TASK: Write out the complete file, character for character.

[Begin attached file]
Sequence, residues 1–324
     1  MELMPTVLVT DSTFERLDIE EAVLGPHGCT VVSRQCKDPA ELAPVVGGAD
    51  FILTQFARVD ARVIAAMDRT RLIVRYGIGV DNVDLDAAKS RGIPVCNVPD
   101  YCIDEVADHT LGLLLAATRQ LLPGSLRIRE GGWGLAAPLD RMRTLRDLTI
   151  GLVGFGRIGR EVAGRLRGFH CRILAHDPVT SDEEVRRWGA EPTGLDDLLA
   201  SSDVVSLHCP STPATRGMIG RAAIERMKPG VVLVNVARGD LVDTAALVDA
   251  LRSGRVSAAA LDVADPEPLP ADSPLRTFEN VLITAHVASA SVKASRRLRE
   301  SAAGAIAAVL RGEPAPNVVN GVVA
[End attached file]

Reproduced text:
Sequence, residues 1–324
     1  MELMPTVLVT DSTFERLDIE EAVLGPHGCT VVSRQCKDPA ELAPVVGGAD
    51  FILTQFARVD ARVIAAMDRT RLIVRYGIGV DNVDLDAAKS RGIPVCNVPD
   101  YCIDEVADHT LGLLLAATRQ LLPGSLRIRE GGWGLAAPLD RMRTLRDLTI
   151  GLVGFGRIGR EVAGRLRGFH CRILAHDPVT SDEEVRRWGA EPTGLDDLLA
   201  SSDVVSLHCP STPATRGMIG RAAIERMKPG VVLVNVARGD LVDTAALVDA
   251  LRSGRVSAAA LDVADPEPLP ADSPLRTFEN VLITAHVASA SVKASRRLRE
   301  SAAGAIAAVL RGEPAPNVVN GVVA